As I begin to transition to vacation my thoughts turn to those regional delights that taste best eaten in open-air, sitting by the shore. Fish and chips, lobster, fried clams, steamers and the rest. Condiments shouldn’t be overlooked. Pure, rich drawn butter for the lobster, fresh, tart lemon for the raw oysters and the sour tarter sauce for that just caught ocean fish.
Tarter sauce’s major component is mayonnaise which came about in the mid-1700s. It is named after the Tatars who ravaged Eastern Europe in the 1800’s. These Turkic-speaking people settled in Mongolia during the 5th century A.D. Beef Tartare was usually served as it is now, with a bevy of garnishes, including a piquant sauce with a mayonnaise base that came to be called sauce Tartare or Tarter Sauce. So why aside for the naming after their clan why ‘tartar’. We’re getting there…this group of people would place cuts of steak under their saddles to tenderized. After a day’s journey the steak was not eaten raw (contrary to popular understanding) but minced and fried or boiled.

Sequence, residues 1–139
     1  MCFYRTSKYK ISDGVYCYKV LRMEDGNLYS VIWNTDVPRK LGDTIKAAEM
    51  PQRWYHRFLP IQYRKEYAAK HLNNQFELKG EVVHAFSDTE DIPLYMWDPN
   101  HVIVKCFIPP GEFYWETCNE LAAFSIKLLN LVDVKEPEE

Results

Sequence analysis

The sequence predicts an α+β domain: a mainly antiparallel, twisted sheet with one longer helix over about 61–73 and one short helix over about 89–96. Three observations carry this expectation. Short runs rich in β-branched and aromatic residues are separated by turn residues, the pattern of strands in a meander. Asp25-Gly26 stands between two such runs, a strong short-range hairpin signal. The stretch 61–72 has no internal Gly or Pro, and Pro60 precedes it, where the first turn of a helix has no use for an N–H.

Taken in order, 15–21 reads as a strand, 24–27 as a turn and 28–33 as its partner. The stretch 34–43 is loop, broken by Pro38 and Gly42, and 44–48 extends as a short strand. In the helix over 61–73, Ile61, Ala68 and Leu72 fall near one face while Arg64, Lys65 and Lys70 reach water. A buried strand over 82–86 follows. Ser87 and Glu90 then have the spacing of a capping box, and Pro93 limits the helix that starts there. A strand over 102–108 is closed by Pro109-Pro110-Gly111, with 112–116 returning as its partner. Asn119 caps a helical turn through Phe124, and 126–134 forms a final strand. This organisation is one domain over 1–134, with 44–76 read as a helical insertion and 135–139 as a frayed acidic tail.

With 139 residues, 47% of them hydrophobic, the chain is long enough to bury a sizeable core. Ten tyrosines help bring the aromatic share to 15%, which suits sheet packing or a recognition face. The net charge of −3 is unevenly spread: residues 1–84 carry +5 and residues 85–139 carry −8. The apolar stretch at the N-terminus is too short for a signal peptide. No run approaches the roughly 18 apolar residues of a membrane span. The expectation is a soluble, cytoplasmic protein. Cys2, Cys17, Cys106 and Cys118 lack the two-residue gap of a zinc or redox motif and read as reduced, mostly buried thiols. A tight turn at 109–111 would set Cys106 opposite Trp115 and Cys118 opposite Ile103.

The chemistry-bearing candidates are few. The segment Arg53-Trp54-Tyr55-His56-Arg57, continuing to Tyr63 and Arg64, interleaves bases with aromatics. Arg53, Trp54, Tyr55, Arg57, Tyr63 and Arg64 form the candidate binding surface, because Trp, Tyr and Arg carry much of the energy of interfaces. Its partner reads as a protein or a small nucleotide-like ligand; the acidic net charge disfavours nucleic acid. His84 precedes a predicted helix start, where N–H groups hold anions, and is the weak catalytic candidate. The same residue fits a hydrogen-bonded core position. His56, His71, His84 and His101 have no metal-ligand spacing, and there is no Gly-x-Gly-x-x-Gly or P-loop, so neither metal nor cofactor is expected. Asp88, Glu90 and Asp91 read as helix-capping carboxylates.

This version of tarter is a bit like me–one part East Coast one part West Coast. I’ll be on vacation for the next two weeks wandering from Westport to Cape Cod with many audiobooks, paperbacks looking for a lobster shack or two.
Chipolte Tarter Sauce
1 cup mayonnaise
2 tablespoons drained capers, chopped
2 tablespoons chopped cornichons, pickles or relish (drained)
1 1/2 tablespoons fresh lime juice
1 tablespoon minced canned chipotle chilies
Mix all ingredients together. Let chill in fridge for 30 minutes for flavors to come together.